Receding gums is a problem that’s also known as gingival recession. This occurs when the pink gum tissue that normally covers the root of the tooth is pushed back or the tooth moves into an abnormal position to expose the root of the tooth. Receding gums are common and often go unnoticed in the early stages. What are the causes for receding gums, and what can be done to prevent or correct them? Flintlock Dental will go over the basics of receding gums below!
Risk Factors for Receding Gums
There are a few risk factors to consider when it comes to receding gums. The main concern is that the root of the tooth is exposed. This leaves the tooth at risk for decay and infection. If the gum recession is severe and left untreated, it can lead to tooth sensitivity, pain, and infection. It can even lead to the eventual loss of one or more teeth.
Ignoring the warning signs and not keeping up with regular oral health increases the risk of developing receding gums. However, age is the largest risk factor of all with 88 percent of people over the age of 65 having receding gums on at least one tooth.
Causes of Receding Gums
Receding gums can be caused by a number of reasons, from life habits to genetics. Here are a few factors that could lead to receding gums:
Overly aggressive brushing and/or flossing. As you brush your teeth, make sure you are brushing gently and not scrubbing hard. You should also avoid using toothbrushes that are not labeled as soft. Remember that taking care of your teeth is not supposed to hurt!
Genetics. Just like the rest of your body, your gums' characteristics are also determined by genetics. If one or both of your parents have gum recession, you are at a higher risk for receding gums.
Grinding your teeth (bruxism). This habit can be at the root of many dental issues, not just gum recession. If you have this habit, it's best to talk to your dentist as soon as you can. Teeth grinding can be treated easily with a mouth guard or other options.
Abnormal tooth positioning. If your teeth are not in alignment with one another, gum recession can sometimes occur.
Poor oral health. If you have poor oral health habits, gum recession could end up being a result of periodontitis.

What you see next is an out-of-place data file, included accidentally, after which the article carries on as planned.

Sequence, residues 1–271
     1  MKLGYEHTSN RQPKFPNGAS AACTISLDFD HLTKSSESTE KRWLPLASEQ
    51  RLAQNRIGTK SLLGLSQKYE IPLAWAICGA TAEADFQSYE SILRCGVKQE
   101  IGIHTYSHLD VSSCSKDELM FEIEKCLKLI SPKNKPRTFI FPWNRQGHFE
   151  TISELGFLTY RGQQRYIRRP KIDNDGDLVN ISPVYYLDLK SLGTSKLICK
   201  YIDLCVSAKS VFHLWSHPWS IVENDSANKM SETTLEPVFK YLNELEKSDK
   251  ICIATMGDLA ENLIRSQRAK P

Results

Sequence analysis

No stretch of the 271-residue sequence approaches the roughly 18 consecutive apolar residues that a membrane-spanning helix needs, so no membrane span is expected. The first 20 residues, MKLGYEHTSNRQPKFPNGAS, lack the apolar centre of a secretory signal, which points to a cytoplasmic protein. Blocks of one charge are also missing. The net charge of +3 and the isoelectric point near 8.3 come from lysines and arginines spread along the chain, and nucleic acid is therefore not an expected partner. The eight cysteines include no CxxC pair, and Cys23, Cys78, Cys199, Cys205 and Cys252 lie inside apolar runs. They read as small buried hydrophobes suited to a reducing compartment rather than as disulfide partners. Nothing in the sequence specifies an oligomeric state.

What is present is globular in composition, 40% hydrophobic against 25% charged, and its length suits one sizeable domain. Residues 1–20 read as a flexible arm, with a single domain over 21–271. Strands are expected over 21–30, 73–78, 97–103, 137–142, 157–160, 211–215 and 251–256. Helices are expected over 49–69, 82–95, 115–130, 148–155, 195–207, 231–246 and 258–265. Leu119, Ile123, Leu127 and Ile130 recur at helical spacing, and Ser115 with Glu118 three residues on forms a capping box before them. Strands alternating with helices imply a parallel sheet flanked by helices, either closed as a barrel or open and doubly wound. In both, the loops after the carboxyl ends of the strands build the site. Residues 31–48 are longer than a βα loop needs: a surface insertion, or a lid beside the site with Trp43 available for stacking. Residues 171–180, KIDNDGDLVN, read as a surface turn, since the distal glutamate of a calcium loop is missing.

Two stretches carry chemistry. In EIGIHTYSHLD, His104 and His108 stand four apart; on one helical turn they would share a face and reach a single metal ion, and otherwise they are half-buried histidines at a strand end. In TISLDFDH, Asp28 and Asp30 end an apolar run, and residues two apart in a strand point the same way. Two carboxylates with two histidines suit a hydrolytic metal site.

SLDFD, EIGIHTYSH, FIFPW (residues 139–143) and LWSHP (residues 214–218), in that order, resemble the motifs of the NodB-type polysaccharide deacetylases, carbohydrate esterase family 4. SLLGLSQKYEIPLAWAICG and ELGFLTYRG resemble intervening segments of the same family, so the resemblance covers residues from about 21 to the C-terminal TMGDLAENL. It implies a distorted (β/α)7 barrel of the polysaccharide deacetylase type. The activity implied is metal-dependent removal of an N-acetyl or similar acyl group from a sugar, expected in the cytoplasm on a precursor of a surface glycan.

Treatments for Receding Gums
As with other health issues, it’s best to catch receding gums early. Treatment for mild receding gums typically does not require professional fixes. Your dentist can help you identify what is causing the issue and help instruct you on how to fix it yourself.
If you do need professional treatment, you will likely have to go to a periodontist. This specialist will help you determine the best course of action to take. Some are an easy fix, while others can be more time consuming and a little more painful. Here are a few types of treatment that you may be offered if you have receding gums:
Change the oral health habits that caused receding gums in the first place. You would need to do this regardless of other treatments, but if caught early enough, it may be all that is needed.
Having a special, deeper cleaning of your teeth called a scaling and root planing. This is what is often done when receding gums are caused by periodontitis. You would also receive a new specialized toothbrush with instructions on how to best care for your mouth as it recovers.
You may need a surgical treatment depending on the severity and cause of your gum recession. This is a procedure that would be done by your periodontist and is called a gum graft.
Desensitizing agents can be added to your teeth. These aim to lessen the sensitivity that develops in the exposed tooth root. This treats the nerve symptoms and helps you keep normal oral hygiene and brushing with less pain.
Composite restoration can be done as well. This is a tooth-colored composite resin that is used to cover the root surface. They can also be used to close black gaps between teeth.
While there are many causes for receding gums, the best way for you to help prevent them for yourself is to keep up a good regimen of oral health, complete with regular visits to your dentist. Catching it early is key, but should you need further treatment later on, there are many options available to you. In that case, an experienced dental professional will be able to help you make the decision that is best for you.
If you want more information on dental treatments, check out Flintlock Dental’s blog on the pros and cons of teeth whitening!